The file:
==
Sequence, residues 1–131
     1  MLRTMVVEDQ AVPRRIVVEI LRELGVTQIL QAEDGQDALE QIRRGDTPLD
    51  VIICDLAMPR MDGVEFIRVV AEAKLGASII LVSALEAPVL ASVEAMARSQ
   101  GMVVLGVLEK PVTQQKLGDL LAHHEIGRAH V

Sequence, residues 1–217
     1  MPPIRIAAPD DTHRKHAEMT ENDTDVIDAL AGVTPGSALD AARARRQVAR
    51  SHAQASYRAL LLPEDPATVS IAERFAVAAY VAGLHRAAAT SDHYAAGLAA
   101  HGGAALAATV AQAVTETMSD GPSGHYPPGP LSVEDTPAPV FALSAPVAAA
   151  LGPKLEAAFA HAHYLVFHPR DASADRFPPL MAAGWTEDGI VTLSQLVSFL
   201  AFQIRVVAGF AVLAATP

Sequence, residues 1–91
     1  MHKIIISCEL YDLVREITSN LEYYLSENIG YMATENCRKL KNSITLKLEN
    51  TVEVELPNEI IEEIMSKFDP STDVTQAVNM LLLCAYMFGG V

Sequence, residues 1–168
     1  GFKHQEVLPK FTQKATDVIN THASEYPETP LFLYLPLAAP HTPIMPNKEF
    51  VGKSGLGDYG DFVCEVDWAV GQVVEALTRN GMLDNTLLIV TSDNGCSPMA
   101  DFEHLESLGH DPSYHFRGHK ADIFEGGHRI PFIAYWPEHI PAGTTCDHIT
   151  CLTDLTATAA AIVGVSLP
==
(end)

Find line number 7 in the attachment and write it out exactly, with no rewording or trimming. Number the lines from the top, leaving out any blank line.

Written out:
    51  SHAQASYRAL LLPEDPATVS IAERFAVAAY VAGLHRAAAT SDHYAAGLAA